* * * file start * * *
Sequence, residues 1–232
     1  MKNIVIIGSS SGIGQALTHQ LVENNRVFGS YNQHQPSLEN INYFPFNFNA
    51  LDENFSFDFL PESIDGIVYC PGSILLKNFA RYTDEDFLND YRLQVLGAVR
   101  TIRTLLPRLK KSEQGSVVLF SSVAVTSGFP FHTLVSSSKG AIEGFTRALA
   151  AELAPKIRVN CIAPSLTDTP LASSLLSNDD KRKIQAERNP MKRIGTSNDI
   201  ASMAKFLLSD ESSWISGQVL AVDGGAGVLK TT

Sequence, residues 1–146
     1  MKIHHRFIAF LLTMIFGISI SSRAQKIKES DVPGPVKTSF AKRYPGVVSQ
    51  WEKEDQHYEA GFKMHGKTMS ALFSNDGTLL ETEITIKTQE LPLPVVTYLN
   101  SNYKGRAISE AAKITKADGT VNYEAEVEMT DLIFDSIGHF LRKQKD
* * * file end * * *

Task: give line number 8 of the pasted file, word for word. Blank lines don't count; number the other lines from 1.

     1  MKIHHRFIAF LLTMIFGISI SSRAQKIKES DVPGPVKTSF AKRYPGVVSQ